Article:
Letters to the Editor: Lockdowns aren’t working if we’re laying off healthcare workers

COVID-19 Testing
At a COVID-19 testing site in downtown San Diego, registered nurses draw blood from a person for an antibody test on April 30.
(Eduardo Contreras / The San Diego Union-Tribune)

To the editor: The article, “Thousands of healthcare workers are laid off or furloughed as coronavirus spreads,” highlights how the singular focus on one objective — fewer COVID-19 deaths — ignores the vast economic damage, human misery and physical health costs that are taken as collateral damage.

We need more science, and I do not mean just epidemiology projections, which are necessary, but also the economic science of cost-benefit analysis.

Are the marginal benefits of a lockdown worth the stunning additional health and economic losses compared with “mere” social distancing and mask requirements? It is not death and illness on one side and economic benefits on the other. As the article ably portrays, there are deaths and illnesses on both sides of the cost- benefit equation.

We seem to be handling COVID-19 differently than any other policy decision. For example, more than 3,000 people in California die every year from car crashes. Nobody has suggested a lockdown that will for sure save thousands of lives and prevent many more hospitalizations with the added bonuses of cleaner air and fighting climate change.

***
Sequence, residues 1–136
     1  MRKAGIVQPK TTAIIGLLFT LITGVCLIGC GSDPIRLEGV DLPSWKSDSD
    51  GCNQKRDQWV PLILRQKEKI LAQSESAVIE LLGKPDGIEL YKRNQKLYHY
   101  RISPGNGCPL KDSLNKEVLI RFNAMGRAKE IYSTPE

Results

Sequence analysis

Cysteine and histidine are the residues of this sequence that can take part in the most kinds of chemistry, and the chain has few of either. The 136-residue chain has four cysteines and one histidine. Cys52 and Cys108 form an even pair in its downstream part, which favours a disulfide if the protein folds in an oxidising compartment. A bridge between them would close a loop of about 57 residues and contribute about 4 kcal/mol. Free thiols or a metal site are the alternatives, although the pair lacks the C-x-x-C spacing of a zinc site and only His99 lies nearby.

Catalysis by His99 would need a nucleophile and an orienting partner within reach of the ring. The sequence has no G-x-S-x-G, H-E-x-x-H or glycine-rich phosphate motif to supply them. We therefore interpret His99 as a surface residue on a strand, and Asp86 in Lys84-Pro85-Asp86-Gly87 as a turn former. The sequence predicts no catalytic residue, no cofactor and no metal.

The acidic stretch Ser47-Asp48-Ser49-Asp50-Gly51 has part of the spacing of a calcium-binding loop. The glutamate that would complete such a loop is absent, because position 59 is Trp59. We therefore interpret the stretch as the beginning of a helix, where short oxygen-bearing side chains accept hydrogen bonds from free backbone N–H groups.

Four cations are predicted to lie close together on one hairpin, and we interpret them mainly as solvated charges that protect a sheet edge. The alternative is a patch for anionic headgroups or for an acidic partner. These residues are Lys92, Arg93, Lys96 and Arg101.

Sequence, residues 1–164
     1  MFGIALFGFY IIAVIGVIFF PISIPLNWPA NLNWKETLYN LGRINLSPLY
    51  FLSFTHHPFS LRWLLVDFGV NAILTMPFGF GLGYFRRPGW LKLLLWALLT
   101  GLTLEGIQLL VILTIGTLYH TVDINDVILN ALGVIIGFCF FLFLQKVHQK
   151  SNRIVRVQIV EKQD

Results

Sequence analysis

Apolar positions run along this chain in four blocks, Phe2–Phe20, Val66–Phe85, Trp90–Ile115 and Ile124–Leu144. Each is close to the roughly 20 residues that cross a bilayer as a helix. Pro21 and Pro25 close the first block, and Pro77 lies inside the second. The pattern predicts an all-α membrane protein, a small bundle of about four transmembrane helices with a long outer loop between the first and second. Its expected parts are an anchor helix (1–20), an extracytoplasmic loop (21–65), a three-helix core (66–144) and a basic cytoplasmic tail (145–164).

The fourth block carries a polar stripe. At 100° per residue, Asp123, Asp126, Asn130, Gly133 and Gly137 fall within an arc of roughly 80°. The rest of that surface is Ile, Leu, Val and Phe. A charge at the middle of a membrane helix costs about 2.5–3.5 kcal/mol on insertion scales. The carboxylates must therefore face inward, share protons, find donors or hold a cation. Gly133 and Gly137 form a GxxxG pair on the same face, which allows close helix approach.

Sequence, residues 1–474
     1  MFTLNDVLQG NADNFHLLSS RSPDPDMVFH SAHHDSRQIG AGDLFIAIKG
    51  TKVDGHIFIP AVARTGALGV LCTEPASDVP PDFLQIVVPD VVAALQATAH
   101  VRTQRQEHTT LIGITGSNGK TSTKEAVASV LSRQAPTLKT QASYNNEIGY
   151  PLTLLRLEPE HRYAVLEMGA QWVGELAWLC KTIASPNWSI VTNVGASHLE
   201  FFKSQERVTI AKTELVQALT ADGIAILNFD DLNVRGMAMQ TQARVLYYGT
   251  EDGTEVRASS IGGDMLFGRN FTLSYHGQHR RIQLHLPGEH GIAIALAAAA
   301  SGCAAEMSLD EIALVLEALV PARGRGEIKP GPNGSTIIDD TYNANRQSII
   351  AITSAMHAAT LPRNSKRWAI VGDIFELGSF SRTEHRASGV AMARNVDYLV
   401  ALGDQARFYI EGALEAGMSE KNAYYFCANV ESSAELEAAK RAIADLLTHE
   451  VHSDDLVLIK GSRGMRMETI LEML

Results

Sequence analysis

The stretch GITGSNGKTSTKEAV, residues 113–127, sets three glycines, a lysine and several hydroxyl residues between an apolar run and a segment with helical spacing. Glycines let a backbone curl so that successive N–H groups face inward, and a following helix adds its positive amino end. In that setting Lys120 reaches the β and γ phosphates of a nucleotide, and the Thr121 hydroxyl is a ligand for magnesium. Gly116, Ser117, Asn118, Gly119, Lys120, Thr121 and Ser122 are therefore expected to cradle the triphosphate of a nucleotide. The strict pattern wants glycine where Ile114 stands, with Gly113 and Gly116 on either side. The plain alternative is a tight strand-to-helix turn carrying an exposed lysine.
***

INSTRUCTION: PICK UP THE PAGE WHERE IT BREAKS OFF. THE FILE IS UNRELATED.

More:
S. Abraham Ravid, New York

The writer is a professor of finance at Yeshiva University .


To the editor: That so many healthcare workers are being laid off or furloughed during a pandemic highlights the flaws of the U.S. healthcare financing system. Two important things were omitted from the L.A. Times’ article.


First, we can expect that private equity firms flush with cash will be buying up many of these failing practices and hospitals. This process was well underway even before the pandemic. The priority of private equity is not quality patient care or the well-being of our healthcare workforce.

Second, laying off healthcare workers and closing hospitals are not occurring in countries with unified systems of public financing — in other words, single payer.

Steve Tarzynski, M.D., Santa Monica

The writer is president of the California Physicians Alliance, a group that advocates for single-payer healthcare.

A cure for the common opinion

Get thought-provoking perspectives with our weekly newsletter.

You may occasionally receive promotional content from the Los Angeles Times.